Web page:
Posted at 9:56 AM on December 7, 2011
by Paul Tosto
Filed under: Arts
The succession of bad news lately about arts groups -- big deficits for the Minnesota Orchestra and Saint Paul Chamber Orchestra and Penumbra Theatre cancelling plays -- makes it easy to think there's nothing but bad news out there on arts and the economy.
But there are some green shoots, too. Several people in the MPR News Public Insight Network are telling us that, four years after the official start of the Great Recession, the road is a little less bumpy.
Randall Davidson, administrative director of the Minneapolis-based National Lutheran Choir, tells us things are improving for his group.
"Our choir has depended, almost exclusively, on private donations for its contributed revenues," he writes.
As the economy began to bite into corporate and foundation giving, many arts organizations began to depend more on individual giving to fill the gap.Our organization has only deepened its relationship with our donor base and now we are beginning to diversify our base of support to government, corporate and foundation sources as the economy improves.Jill Bernard, education director with HUGE Improv Theater in Minneapolis, also sees conditions thawing.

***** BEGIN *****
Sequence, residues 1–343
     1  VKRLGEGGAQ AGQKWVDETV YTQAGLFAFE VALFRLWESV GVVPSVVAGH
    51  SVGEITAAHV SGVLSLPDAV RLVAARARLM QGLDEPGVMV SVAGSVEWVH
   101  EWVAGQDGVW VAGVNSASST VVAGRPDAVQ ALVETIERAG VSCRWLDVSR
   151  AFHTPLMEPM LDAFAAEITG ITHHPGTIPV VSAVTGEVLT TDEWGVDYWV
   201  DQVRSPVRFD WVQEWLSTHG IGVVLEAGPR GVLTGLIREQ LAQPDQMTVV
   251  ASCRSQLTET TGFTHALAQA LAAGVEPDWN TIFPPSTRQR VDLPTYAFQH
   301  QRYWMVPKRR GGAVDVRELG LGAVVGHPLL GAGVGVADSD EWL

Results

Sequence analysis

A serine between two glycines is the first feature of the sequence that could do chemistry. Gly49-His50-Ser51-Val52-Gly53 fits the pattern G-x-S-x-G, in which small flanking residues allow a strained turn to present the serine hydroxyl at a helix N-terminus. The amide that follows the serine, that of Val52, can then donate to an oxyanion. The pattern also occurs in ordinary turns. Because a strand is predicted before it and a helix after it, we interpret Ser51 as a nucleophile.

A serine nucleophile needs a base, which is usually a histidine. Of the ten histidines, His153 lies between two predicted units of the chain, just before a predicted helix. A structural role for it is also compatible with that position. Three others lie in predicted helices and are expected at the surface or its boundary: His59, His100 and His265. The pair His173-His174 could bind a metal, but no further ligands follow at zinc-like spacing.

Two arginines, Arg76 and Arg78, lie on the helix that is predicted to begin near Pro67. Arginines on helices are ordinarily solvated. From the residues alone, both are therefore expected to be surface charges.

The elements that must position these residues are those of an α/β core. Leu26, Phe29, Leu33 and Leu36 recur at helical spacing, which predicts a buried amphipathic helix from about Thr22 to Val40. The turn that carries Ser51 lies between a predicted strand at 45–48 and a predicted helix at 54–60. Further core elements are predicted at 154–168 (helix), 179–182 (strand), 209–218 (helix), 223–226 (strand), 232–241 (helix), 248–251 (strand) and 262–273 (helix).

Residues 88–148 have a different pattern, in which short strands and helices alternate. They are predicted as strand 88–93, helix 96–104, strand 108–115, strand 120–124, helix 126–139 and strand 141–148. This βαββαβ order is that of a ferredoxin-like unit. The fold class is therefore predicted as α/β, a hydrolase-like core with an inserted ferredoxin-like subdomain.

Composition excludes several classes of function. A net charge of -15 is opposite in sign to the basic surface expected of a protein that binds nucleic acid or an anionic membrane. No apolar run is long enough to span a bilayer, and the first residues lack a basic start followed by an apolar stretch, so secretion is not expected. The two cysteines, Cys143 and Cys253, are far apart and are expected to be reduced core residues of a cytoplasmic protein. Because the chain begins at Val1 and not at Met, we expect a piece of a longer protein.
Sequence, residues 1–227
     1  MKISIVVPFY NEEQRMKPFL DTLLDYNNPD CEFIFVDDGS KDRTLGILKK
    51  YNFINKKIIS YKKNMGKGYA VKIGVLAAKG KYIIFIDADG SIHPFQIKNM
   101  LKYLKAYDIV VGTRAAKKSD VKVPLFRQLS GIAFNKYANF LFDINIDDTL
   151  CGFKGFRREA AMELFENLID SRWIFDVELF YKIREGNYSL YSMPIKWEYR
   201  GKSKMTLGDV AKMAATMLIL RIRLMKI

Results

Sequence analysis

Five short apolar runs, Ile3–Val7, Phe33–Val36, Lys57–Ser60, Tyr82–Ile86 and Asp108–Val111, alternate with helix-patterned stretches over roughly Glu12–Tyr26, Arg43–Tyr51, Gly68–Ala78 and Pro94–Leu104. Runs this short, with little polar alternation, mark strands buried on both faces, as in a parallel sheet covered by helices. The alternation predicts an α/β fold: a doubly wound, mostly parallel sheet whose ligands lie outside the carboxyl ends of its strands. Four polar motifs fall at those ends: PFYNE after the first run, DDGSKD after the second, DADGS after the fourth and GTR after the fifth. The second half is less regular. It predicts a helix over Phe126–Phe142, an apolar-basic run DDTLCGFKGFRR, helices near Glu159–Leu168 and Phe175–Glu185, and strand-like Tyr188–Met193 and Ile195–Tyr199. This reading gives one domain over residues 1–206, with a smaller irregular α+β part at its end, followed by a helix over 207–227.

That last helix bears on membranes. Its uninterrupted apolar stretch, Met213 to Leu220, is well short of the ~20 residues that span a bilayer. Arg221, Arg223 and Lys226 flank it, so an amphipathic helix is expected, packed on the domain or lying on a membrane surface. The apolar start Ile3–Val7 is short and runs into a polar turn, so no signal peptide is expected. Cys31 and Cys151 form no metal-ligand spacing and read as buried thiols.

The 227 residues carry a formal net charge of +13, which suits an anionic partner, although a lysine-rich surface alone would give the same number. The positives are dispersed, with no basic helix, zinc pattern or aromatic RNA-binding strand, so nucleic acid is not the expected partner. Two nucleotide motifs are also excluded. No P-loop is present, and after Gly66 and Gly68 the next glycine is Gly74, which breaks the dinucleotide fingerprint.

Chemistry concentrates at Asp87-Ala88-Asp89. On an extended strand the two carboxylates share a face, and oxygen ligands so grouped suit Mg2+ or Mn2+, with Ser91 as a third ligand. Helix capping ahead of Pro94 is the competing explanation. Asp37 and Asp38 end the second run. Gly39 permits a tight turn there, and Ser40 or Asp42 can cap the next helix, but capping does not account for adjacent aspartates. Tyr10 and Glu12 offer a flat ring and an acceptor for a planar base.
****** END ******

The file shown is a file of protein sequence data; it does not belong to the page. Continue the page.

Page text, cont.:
We are seeing larger audiences at our performances but the demographic has been very similar to past years. On the other hand, our major gala event of the year has seen a significant increase in the number attending and has been trending to younger people.
"We were born during the recession - we opened in December 2010," she says."Our Executive Director, Butch Roy, is fond of explaining how a weak real estate market made it possible for an organization with no funding to get a space."
The group, she adds, has "seen more tickets sold, but that's really just as the word gets out because we're a new theater. Donations have increased as well - I think people are afraid we won't survive."
If you're in the Minnesota arts community, click here and tell us what the financial road looks like for your group